Turkish Islamist President Recep Tayyip Erdogan declared in an aggressive speech against Western values of free expression Wednesday that “no Muslim can be a terrorist” because only “black-hearted” people can commit that crime.
The next day, suspected jihadists launched a wave of at least five attacks and attempted attacks against French civilians and targets. Muslim leaders around the world have condemned France for weeks after President Emmanuel Macron honored Samuel Paty, a French schoolteacher beheaded by a jihadist after showing students cartoons of Muhammad.
Thursday is a Sunni Muslim holiday known as Mawlid, observing the birthday of Muhammad.
Erdogan addressed his speech to a parliamentary group of his Islamist party, Justice and Development (AKP). He was, according to the state-run Anadolu news agency, discussing the worldwide debate triggered by Paty’s beheading and Macron’s campaign to crack down on violent Islamists and champion free speech in its aftermath. In addition to French state action against jihadists, French cities have projected large versions of blasphemous cartoons depicting Muhammad by the satirical magazine Charlie Hebdo on walls of buildings.
“Unfortunately, we are going through a period in which the hostility towards Islam, Muslims and disrespect to the Prophet Muhammad is spreading like cancer, especially among the leaders in Europe,” Erdogan said.
“No Muslim can be a terrorist, nor can any terrorist be a Muslim because a terrorist is a black-hearted, bloody murderer who does not hesitate to kill innocents to achieve his own goals,” the president added.
Erdogan has previously denied the existence of moderate Islam.
“These epithets of ‘moderate Islam’ are very ugly, it is disrespectful and an insult to our religion. There is no moderate or immoderate Islam. Islam is Islam and that’s it,” Erdogan said at an event hosted by the Organization of Islamic Cooperation in 2017.
“It is a matter of honor for us to stand sincerely against the attacks targeting our prophet, who honored Mecca, Medina, Asia, Africa, Europe, the whole world, all the world and all the times […] We would die not the day we gave our last breath, but the day when we kept silent and unresponsive in the face of these attacks,” Erdogan continued. He reportedly called Macron’s defense of free speech “vicious, provocative, ugly, [and] hateful.”
Macron posthumously awarded Paty the Legion of Honor, France’s highest civilian honor, at a ceremony in which he vowed, “we will never give up cartoons.”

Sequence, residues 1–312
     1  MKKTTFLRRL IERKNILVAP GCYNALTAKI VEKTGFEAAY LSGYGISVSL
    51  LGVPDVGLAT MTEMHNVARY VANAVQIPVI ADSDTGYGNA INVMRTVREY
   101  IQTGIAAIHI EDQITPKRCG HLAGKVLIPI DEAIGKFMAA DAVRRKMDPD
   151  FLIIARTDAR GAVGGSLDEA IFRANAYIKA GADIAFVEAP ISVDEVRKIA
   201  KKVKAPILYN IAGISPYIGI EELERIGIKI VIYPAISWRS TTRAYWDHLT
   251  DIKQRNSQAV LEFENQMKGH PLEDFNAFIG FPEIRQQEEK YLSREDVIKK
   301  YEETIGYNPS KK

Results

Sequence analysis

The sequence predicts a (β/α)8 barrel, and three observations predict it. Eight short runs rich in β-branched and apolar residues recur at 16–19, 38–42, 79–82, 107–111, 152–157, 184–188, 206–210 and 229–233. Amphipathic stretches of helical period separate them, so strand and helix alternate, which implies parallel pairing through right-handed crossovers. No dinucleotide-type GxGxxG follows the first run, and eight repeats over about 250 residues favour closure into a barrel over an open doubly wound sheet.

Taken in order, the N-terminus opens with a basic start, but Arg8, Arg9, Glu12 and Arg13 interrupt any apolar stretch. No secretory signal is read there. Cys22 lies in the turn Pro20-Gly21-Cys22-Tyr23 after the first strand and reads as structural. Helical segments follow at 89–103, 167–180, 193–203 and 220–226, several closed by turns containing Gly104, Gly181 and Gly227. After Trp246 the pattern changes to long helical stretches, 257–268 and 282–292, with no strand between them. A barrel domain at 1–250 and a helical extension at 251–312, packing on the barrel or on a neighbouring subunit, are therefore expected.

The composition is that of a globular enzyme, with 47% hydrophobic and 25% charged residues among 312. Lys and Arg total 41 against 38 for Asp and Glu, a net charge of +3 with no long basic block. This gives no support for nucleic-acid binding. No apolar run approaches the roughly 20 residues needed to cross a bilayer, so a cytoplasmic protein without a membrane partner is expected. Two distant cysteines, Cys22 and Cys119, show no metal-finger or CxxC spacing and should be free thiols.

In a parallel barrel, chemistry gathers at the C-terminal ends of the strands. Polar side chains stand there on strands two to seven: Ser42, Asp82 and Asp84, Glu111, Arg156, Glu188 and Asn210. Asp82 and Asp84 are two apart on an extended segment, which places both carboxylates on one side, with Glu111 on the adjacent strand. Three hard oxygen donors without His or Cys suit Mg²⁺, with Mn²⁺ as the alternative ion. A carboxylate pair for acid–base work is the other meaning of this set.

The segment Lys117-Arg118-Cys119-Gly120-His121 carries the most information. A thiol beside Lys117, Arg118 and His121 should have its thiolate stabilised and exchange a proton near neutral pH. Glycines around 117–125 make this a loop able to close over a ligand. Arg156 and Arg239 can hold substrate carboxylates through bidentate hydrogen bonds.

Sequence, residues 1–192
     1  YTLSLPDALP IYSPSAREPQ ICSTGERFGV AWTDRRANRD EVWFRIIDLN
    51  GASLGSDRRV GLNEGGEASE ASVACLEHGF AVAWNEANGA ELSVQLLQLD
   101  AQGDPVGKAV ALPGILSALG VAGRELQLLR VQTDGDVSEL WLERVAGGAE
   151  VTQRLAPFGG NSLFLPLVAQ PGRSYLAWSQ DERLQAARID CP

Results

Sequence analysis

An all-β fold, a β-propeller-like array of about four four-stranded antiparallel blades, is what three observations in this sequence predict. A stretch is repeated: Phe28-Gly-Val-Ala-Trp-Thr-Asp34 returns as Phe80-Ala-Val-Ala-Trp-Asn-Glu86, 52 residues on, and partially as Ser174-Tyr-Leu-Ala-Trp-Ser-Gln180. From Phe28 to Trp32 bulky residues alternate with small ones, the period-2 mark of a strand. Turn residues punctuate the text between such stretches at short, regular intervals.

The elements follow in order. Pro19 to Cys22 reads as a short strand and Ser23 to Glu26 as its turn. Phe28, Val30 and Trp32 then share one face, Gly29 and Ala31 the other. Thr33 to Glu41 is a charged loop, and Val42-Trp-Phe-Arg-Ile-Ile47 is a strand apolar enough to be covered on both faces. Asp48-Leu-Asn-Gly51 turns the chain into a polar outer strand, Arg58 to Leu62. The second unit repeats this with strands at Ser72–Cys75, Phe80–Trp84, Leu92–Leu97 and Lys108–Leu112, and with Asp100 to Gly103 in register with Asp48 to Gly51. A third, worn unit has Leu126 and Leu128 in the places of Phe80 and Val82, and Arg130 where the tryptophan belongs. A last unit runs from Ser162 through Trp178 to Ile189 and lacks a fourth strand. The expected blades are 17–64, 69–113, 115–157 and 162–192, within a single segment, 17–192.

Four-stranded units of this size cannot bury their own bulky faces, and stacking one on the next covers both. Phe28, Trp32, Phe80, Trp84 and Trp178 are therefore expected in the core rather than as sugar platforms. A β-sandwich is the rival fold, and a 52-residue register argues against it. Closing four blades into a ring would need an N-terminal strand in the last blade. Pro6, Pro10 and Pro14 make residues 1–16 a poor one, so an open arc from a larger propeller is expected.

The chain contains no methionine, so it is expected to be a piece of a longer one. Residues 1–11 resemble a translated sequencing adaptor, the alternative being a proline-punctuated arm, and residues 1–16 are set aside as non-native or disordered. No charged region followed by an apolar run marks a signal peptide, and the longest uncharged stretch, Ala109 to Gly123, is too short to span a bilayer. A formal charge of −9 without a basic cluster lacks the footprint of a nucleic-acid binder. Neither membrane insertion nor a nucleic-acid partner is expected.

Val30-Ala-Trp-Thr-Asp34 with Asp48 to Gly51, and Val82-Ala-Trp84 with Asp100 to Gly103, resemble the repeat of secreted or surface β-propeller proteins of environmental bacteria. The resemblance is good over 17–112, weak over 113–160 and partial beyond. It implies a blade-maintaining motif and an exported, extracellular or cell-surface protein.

“He was killed because Islamists want our future. They will never have it,” Macron vowed.
Erdogan concluded that the “enemies of Islam and Turkey will get drown [sic] in a swamp of hate which they have entered for the sake of freedom. That are the signs of Europe’s return to its barbaric era.”
Erdogan previously called into question Macron’s mental health for his defense of free expression in the aftermath of Paty’s killing, prompting French outrage. Erdogan’s particularly venomous remarks against Macron have attracted the mockery and rage of the French, including appearing as a cartoon on the cover of Charlie Hebdo in his underwear, apparently lifting the skirt of a woman dressed in an outfit similar to one Turkish First Lady Emine Erdogan wore to the 2017 NATO summit. The caption read, “in private, he’s very funny!”
Erdogan : dans le privé, il est très drôle !
➡ Disponible demain ! pic.twitter.com/jxXqKrvXbK
— Charlie Hebdo (@Charlie_Hebdo_) October 27, 2020
Erdogan filed criminal charges against Charlie Hebdo for “insulting the president,” which is illegal in Turkey. Erdogan personally has claimed he has not seen the cartoon on multiple occasions.
“You are bastards, you are sons of bitches,” Erdogan’s deputy minister for tourism, Serdar Cam, objected on Twitter.
The day after Erdogan declared that no Muslims can be terrorists, France fielded five different attacks so far at press time. The deadliest, a stabbing spree in Nice, resulted in the killing of three people, including the near-beheading of a woman. Police foiled at least three other copycat attacks by individuals in the country, all considered to be linked to radical Islamism. A fifth attacker targeted the French consulate in Saudi Arabia, stabbing a guard.
Muslim world leaders have largely condemned Macron for honoring Paty and continuing not to criminalize cartoons that offend them. Iranian President Hassan Rouhani, Egyptian President Abdel Fattah al-Sisi, Pakistani Prime Minister Imran Khan, and Erdogan have all called for the destruction of the cartoons. The government of Saudi Arabia, where France’s consulate was attacked, issued a statement objecting to “attempts to link Islam with terrorism” in relation to Paty’s beheading, but not condemning the beheading itself.
In Bangladesh, 40,000 people gathered on Tuesday to demand a nationwide boycott of French products. Protesters burned Macron in effigy. Similar protests occurred in Iraq and Syria.